But implementing self awareness? Tell me how to do it once, and maybe I'll consider the hypothesis that it can be done recursively.

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    I don't think this really addresses the question. There are two possible cases to consider: either simulated brains are conscious, or they are not conscious. Obviously, determining which is true is very hard or perhaps impossible. But we can still consider each case independently, without knowing which is right. This question considers the case that they are conscious. This is what I mean by the first sentence, "suppose the simulation hypothesis is correct.."
    – Nick Alger
    Sep 20 '19 at 2:33
  • @NickAlger You're right, but one of the premises has no plausible basis in fact. It's true that if 2 + 2 = 5 then I am the Pope, but that puts me under no obligation to consider the possibility that 2 + 2 = 5. I do believe the simulation argument fails by virtue of ignoring the distinction I brought out.
    – user4894
    Sep 20 '19 at 7:01
  • This is not a fair analogy because we already know that 2+2=5 is false. A more apt analogy would be a very difficult conjecture, the result of which is unknown. There are, for example, many mathematical papers that start with a statement along the lines of "Assume the Riemann hypothesis holds" or "Suppose the the Riemann conjecture does not hold"
    – Nick Alger
    Sep 20 '19 at 7:43
  • @NickAlger For sake of discussion: As far as we know. creating consciousness by algorithmic means is just as false as 2 + 2 = 5. The Riemann hypothesis, on the other hand, is widely believed to be true. It's not a good analogy. Bear in mind that algorithms are highly restrictive. An algorithm can't generate the digits of any of the uncountably many noncomputable reals. An algorithm can't solve the Halting problem. Etc. Algorithms are highly constrained and are not likely to be the only thing the universe is capable of. Newtonian gravity, for example, is not computable.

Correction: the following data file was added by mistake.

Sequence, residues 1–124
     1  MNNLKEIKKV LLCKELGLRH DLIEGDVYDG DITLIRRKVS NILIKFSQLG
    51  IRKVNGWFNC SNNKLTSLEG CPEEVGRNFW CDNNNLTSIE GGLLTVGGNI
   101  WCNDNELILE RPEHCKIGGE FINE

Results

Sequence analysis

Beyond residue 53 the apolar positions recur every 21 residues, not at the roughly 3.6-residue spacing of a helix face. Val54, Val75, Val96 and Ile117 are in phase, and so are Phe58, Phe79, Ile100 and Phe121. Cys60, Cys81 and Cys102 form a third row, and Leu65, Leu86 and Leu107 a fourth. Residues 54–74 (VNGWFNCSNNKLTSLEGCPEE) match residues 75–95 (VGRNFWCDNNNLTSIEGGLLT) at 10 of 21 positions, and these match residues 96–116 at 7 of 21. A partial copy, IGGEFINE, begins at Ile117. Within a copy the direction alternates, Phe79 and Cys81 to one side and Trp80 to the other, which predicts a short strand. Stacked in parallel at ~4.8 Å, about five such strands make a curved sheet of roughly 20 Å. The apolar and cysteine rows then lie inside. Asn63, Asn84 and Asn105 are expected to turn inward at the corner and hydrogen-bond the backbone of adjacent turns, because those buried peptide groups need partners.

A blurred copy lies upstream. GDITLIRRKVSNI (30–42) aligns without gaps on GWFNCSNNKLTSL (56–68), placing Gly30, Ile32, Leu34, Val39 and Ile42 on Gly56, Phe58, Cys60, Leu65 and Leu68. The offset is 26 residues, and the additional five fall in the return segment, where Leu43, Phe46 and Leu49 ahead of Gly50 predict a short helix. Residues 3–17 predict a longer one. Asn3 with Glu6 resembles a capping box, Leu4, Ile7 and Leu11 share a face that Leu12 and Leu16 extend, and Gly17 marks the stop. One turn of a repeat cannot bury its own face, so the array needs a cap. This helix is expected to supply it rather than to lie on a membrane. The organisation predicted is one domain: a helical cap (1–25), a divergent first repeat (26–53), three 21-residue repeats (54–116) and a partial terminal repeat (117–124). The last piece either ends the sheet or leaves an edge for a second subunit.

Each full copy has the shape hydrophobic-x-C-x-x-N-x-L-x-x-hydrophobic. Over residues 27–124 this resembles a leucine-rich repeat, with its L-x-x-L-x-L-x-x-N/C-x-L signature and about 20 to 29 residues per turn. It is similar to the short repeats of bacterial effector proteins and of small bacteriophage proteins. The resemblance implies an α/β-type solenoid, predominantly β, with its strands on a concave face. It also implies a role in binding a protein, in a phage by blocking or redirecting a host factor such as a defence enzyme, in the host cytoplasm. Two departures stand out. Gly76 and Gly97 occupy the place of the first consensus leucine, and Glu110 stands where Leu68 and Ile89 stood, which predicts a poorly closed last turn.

– user4894
    Sep 20 '19 at 18:23
  • "Tell me how to do it once, and maybe I'll consider the hypothesis that it can be done recursively." If you're conscious, then it's been done once. Sep 20 '19 at 19:39
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can we strengthen the anthropic reasoning used in the simulation argument, ...

The idea that we are simulated is a contradiction to the anthropic principle...

The anthropic principle is a philosophical consideration that observations of the universe must be compatible with the conscious and sapient life that observes it. https://en.wikipedia.org/wiki/Anthropic_principle

The idea that we are simulated is a contradiction to the anthropic principle because the most salient and incontrovertible fact about our own "conscious and sapient" life is that it is indeed conscious. Consciousness suffers no simulation, at least not in any sense of simulation I know of, and not for the kind of consciousness I am now subjectively experiencing.

Simulation 3. (Computer Science) a representation of a problem, situation, etc, in mathematical terms, esp. using a computer

Despite the mind-boggling progress of science, We are still unable to even begin to explain subjective experience in terms of what we think of as the physical world. Any simulation in the sense given above would be a non-starter. No such simulation could possibly simulate subjective experience.

Of course, this leaves open the suggestion that at least the physical world might be a simulation, and why not, but I don't see why my consciousness would be experiencing this simulation from the inside.

The simulation thesis is even less plausible than God. The infinite powers of an almighty God would at least have enough credibility as the cause to our consciousness as we subjectively experience it.

... to say that if we live in a simulated reality, we probably live in a leaf reality beyond which no further simulations will occur?

This reminds me of the logic of counterfactuals. Once you depart from empirical facts, anything becomes possible and when anything becomes possible, there are no probabilities any longer, because the foundation of probabilities is empirical facts.

The more plausible place for our world is at the root.

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  • This is a fair critique of the simulation hypothesis in general, but that's not what I'm trying to get at here. This question is about supposing the simulation hypothesis is true, and then considering the consequences
    – Nick Alger
    Sep 19 '19 at 21:04
  • See David Chalmers on the "hard problem" vs. the "easy problem" of consciousness, to "explain subjective experience in terms of what we think of as the physical world" would be the hard problem, but it is unnecessary to solve that to simulate a brain and body at the physical level so that it would behave just like the real thing (Chalmers' 'easy problem'). And there are plenty of philosophers who think there are good arguments that behaviorally identical systems would have the same subjective experiences (including Chalmers).